Lick Infrared Camera User's Guide


Figure 1. is a 3-D representation of the instrument's light path and principal components.

The optical interface, outlined in green in Figure 1., bolts to the telescope and supports the camera's other components. A dichroic beamsplitter reflects the infrared part of the telescope beam to the dewar, where it is filtered and reimaged on the array by the dewar's internal optics. The visual part of the beam is transmitted by the beamsplitter and reflected by two plane mirrors to the boresite camera for acquisition and guiding.

The TUB diagonal and TUB camera are permanently mounted on the telescope above LIRC-II's optical interface and below the primary mirror. While not parts of the instrument itself, the TUB components may be used with LIRC-II for acquisition and guiding.

Figure 2. Dewar Optics

Figure 2. above illustrates the dewar's internal optics. The telescope focal plane lies approximately 70-mm in front of the dewar window. Just behind the window, a three-element lens assembly collimates the beam. This is followed by independentally positioned "front" and "back" filter wheels with four and twelve positions respectively. Table 1. below lists their contents. Filter transmission curves can be found elsewhere in thei manual.

Table 1. Filter Wheel Contents
Back Filter Wheel
FilterBandpass or
Central Wavelength
at 77 ° K
K1.98 to 2.39
J1.10 to 1.44
Open -
OII1.237 (within 1%)
FeII1.644 (within 1%)
H2 S(I) 1-02.122 (within 1%)
Brackett Gamma2.166 (within 1%)
H2 S(I) 2-12.248 (within 15)
CO2.295 (within 3%)
K-prime1.95 to 2.35
H1.50 to 1.82
Darkbetween filters
Front Filter Wheel
FilterBandpass or
Central Wavelength
at 77 ° K
Open -
ND22% transmission
Open -
Open -
Darkbetween filters
The lens wheel carries four lens assemblies which reimage the focal plane on the detector at three different plate scales. Three of the lenses provide the narrow, intermediate, and wide fields of view; the fourth, or A/O lens, is identical to the narrow field lens but has an f-30 cold stop for use with the Adaptive Optics instrumentation at the 3-meter. The other lenses have f-17 cold stops to match the 3- and 1-meter telescopes' normal cassegrain beam. These stops serve to block thermal radiation from the telescope structure and dome. The intermediate field of view also includes a cold central spot which blocks the shadow of the secondary mirror and is also important when checking the camera's collimation.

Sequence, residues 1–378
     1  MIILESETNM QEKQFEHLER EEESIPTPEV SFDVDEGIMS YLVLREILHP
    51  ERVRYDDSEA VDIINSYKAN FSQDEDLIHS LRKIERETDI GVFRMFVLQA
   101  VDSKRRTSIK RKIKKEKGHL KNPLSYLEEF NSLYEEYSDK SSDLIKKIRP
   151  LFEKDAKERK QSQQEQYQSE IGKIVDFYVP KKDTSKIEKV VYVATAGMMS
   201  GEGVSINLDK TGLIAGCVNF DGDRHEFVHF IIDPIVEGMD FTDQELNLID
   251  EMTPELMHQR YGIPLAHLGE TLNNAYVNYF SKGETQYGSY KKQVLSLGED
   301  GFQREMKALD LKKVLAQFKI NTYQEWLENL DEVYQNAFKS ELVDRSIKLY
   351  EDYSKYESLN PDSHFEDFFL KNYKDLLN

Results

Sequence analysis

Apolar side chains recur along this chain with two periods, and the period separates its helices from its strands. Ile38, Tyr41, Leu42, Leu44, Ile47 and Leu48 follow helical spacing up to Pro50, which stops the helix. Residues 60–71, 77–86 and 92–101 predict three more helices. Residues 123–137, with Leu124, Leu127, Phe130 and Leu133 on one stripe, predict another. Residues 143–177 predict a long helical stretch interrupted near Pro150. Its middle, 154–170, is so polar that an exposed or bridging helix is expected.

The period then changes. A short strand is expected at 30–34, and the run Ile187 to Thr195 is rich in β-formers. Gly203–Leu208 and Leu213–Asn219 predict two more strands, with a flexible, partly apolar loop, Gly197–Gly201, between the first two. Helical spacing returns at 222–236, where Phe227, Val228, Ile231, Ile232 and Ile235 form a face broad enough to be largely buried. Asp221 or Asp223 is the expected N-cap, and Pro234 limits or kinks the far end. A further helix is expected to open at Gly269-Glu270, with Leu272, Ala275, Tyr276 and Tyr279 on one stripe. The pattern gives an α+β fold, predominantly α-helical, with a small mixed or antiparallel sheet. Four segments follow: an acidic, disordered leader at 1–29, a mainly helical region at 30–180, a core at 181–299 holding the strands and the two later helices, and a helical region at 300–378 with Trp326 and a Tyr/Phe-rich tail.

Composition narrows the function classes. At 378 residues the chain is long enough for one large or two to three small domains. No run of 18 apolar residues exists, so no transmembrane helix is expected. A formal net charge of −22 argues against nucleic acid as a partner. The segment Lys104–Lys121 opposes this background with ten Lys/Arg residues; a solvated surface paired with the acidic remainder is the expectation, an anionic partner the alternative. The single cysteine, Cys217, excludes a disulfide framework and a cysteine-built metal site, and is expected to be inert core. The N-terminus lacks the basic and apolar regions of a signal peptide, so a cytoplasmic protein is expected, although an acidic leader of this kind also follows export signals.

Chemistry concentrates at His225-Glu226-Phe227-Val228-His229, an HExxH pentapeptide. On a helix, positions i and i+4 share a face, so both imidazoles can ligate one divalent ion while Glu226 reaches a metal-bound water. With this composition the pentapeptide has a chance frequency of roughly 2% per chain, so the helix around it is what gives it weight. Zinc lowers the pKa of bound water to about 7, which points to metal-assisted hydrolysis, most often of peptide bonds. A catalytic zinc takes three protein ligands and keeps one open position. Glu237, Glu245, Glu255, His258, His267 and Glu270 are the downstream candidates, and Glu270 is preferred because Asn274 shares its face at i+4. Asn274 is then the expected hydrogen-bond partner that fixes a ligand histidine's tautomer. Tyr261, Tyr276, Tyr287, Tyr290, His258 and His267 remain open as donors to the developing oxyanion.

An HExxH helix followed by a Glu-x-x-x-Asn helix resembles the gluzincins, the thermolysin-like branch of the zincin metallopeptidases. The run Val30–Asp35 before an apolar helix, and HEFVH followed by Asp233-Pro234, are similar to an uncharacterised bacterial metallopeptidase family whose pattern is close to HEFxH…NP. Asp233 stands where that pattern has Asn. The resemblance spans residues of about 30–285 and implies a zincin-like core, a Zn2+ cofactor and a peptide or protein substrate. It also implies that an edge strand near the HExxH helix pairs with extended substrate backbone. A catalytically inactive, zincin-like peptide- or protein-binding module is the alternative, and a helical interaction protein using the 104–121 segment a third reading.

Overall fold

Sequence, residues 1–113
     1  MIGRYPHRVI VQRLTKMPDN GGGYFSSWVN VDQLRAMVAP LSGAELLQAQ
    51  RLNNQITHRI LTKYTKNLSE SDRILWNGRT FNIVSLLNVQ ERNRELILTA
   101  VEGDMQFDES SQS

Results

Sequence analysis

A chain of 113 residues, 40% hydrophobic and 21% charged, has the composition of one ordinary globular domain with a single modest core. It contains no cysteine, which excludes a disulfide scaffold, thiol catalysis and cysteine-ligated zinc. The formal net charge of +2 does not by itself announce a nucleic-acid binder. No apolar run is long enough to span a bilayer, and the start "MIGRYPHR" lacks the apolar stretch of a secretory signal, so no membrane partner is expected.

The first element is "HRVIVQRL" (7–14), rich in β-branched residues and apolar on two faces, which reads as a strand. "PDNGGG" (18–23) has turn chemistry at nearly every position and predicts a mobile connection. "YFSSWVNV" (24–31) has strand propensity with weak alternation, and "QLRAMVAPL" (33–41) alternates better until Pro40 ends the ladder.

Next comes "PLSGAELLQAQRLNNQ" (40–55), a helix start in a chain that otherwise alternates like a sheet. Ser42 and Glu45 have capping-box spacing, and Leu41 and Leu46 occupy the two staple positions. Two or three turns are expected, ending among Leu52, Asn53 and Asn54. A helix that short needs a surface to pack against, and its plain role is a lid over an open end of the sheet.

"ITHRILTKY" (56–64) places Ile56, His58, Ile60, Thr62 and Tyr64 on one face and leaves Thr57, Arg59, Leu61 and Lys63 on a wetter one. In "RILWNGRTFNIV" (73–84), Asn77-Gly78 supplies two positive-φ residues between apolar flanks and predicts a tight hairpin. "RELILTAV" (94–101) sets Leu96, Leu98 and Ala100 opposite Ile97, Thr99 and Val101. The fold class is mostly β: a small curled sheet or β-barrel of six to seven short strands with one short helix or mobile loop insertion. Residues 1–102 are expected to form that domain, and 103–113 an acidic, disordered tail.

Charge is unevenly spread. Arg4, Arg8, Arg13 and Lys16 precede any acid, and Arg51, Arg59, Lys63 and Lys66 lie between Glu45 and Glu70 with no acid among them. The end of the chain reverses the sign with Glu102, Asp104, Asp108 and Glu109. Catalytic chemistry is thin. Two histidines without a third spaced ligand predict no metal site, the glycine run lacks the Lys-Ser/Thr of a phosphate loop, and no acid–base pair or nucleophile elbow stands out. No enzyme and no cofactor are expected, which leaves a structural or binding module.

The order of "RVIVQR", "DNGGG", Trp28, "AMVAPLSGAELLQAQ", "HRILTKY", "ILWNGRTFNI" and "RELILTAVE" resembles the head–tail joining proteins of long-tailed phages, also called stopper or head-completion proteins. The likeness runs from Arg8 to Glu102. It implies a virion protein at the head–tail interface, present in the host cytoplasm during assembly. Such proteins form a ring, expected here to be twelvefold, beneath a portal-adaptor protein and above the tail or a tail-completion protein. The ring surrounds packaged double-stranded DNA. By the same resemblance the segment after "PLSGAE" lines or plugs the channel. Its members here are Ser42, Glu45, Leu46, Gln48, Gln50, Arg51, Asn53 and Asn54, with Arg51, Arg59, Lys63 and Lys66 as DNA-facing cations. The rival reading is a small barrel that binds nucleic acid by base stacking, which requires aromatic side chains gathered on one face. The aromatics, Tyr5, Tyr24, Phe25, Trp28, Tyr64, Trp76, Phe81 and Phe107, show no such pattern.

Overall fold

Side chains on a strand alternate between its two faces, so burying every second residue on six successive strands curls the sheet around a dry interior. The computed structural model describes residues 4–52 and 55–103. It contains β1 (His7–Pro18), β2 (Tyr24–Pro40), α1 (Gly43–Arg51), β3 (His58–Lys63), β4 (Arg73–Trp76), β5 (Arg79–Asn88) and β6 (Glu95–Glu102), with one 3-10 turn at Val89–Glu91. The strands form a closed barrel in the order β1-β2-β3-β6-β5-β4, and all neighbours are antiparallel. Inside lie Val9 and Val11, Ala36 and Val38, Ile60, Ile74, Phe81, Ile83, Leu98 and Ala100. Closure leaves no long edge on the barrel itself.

Figure 3. below shows the globular cluster M97 as it appears on the array at the 3-meter telescope, with each field of view. Field size and plate scale are given for each of the three lenses at each telescope. North is at bottom, East at left, on the data-taking system displays at both telescopes.

Figure 3. LIRC-II Fields of View and Plate Scales

The observer opeartes the instrument from the telescope control room via the data-taking, motor control, and "lirctop" programs, all of which run in X-windows on the user's terminal. Figure 4. shows how the various parts of LIRC-II and its associated systems fit together.

Figure 4. LIRC-II system integration

The data-taking program permits the user to input observing parameters, control the array, provide information for the FITS header, and control data recording. The motor-control program operates the lens and filter wheels and the moveable dichroic beamsplitter. Lirctop is a collection of Vista routines which automate various observing procedures such as dithering, mosaicing, and calibrating. The links in this paragraph lead to detailed guides for these programs.

The bore-site and TUB guide cameras share the same standard Lick TV camera controller. Either can be used for acquisition and to provide the signal for the Lick autoguider, however, the two cameras differ in some important respects. Choosing the best TV camera is discussed in the section on Acquisition/Guide Cameras.

Output devices for LIRC-II data include an X-Window terminal, high-capacity disk drive, 8-mm Exabyte tape drive, and a laser printer.